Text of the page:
374                                      $cgi->submit(-name => 'Delete', -value => 'DELETE') . " " .                                      $cgi->submit(-name => 'Delete', -value => 'DELETE'),
375                                      $cgi->submit(-name => 'Store',  -value => 'STORE') . " " .                                      $cgi->submit(-name => 'Store',  -value => 'STORE'),
376                                        $cgi->submit(-name => 'Erase',  -value => 'ERASE'),
377                                      $cgi->submit(-name => 'Show',   -value => 'SHOW')                                      $cgi->submit(-name => 'Show',   -value => 'SHOW')
378                                     )                                     ))
379                            );                            );
380      # Close the table and the form.      # Close the table and the form.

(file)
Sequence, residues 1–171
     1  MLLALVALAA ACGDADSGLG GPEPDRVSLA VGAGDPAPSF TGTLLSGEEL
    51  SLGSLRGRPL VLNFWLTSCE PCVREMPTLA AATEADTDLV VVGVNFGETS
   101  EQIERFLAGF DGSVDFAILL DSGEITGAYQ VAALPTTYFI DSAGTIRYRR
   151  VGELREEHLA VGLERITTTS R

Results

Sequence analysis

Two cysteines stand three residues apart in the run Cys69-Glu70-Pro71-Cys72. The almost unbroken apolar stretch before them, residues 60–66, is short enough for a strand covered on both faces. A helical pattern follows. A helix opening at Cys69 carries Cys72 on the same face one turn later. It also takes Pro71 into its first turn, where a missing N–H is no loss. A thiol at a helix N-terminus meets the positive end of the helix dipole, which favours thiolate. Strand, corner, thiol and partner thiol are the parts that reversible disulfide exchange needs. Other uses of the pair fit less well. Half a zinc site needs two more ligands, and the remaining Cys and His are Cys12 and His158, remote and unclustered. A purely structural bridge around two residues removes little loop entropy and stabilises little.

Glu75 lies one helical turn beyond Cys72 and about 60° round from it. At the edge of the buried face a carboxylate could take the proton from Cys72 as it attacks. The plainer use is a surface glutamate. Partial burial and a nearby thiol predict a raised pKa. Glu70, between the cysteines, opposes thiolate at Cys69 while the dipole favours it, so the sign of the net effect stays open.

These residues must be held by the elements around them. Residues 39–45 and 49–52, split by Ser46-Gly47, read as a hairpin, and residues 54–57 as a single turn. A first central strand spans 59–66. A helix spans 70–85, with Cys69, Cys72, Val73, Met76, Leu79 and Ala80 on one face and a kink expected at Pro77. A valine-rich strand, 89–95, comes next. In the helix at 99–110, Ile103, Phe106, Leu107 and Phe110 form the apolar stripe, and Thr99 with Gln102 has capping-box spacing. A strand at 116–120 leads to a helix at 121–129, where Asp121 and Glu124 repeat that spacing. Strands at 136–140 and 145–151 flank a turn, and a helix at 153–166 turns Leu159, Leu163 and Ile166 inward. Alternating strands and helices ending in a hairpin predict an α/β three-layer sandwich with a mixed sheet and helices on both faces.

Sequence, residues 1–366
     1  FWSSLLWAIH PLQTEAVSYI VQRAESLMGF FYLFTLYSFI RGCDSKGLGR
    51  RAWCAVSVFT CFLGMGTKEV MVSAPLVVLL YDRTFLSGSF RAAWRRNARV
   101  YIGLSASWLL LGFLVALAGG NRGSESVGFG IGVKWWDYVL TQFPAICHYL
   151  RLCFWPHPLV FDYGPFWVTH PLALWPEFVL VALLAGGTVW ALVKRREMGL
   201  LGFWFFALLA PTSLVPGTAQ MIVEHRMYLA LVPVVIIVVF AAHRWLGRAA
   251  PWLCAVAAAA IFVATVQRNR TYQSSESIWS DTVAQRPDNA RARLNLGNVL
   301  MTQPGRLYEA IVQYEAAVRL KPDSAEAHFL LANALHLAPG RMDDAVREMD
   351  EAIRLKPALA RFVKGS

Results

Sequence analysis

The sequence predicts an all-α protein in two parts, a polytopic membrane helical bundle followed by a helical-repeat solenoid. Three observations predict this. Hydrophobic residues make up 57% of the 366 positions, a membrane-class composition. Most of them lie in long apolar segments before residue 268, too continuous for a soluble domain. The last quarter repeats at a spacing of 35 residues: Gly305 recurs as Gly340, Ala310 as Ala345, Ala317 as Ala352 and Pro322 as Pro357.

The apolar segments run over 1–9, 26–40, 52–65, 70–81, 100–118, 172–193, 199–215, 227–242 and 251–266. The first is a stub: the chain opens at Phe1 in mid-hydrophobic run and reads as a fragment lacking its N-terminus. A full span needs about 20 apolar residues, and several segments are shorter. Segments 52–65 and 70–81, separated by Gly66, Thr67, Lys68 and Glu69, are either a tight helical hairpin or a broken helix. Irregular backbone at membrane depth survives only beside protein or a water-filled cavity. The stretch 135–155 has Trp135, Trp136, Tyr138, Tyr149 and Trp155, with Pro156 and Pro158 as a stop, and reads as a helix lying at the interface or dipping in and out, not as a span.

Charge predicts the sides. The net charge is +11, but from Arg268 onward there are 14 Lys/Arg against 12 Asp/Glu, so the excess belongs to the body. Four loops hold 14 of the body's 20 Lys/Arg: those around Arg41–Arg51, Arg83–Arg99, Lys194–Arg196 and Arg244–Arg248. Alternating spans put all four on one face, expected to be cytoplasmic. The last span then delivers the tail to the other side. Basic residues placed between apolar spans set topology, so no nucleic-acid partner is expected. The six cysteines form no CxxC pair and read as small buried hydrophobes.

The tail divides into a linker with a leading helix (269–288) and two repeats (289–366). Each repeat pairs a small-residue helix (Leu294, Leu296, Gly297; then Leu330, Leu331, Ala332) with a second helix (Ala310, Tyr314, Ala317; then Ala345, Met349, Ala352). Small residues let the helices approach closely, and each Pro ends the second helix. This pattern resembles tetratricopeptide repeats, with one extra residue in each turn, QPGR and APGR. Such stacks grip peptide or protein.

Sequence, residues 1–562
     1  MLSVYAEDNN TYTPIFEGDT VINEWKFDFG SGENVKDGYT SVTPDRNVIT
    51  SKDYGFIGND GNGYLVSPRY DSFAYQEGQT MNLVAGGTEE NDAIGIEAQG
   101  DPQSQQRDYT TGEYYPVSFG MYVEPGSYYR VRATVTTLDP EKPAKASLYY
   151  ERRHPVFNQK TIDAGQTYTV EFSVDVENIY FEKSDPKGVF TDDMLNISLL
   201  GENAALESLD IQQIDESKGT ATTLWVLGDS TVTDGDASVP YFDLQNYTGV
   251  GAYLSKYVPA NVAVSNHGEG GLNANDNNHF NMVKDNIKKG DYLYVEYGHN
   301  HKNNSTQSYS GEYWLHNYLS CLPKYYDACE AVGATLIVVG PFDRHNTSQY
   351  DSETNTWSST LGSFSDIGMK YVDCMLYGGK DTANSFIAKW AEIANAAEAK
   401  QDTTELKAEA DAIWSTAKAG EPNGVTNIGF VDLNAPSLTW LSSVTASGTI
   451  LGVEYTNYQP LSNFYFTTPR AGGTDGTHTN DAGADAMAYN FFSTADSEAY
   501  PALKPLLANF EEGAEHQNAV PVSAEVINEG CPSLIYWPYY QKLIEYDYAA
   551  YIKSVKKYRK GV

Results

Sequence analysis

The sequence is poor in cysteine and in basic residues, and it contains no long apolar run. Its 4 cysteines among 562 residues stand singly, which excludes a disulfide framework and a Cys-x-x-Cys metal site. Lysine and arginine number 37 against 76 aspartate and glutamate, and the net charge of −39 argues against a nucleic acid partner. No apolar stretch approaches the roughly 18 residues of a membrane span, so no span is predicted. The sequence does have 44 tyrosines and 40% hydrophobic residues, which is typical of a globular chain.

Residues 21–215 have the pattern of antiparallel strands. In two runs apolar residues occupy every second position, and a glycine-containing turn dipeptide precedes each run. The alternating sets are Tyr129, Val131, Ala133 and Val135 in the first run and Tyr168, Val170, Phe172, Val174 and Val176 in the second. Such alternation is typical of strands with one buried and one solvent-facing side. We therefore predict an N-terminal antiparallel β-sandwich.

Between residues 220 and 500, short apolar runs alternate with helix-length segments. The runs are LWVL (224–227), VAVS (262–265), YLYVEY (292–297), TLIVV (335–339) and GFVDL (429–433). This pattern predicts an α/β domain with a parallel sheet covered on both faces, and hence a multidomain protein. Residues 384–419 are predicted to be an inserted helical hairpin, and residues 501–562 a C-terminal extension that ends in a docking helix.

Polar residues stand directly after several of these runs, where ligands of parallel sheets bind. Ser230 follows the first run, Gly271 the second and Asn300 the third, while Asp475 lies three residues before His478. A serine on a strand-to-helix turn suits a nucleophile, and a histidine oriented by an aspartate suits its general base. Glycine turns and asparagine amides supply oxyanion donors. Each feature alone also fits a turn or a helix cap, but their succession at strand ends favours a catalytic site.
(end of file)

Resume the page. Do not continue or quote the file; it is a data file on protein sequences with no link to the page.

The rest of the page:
381      push @retVal, $cgi->end_table();      push @retVal, $cgi->end_table();
# Line 446  Line 386 
386  =head3 LoadAttributesFrom  =head3 LoadAttributesFrom
387    
388  C<< my $stats = $attrDB->LoadAttributesFrom($fileName, %options); >>  C<< my $stats = $attrDB->LoadAttributesFrom($fileName, %options); >>
389    s
390  Load attributes from the specified tab-delimited file. Each line of the file must  Load attributes from the specified tab-delimited file. Each line of the file must
391  contain an object ID in the first column, an attribute key name in the second  contain an object ID in the first column, an attribute key name in the second
392  column, and attribute values in the remaining columns. The attribute values will  column, and attribute values in the remaining columns. The attribute values will